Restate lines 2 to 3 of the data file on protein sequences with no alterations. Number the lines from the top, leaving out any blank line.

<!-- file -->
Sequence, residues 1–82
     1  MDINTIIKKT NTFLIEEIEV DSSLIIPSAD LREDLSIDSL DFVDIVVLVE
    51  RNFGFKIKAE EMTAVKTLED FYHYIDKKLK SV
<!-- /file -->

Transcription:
     1  MDINTIIKKT NTFLIEEIEV DSSLIIPSAD LREDLSIDSL DFVDIVVLVE
    51  RNFGFKIKAE EMTAVKTLED FYHYIDKKLK SV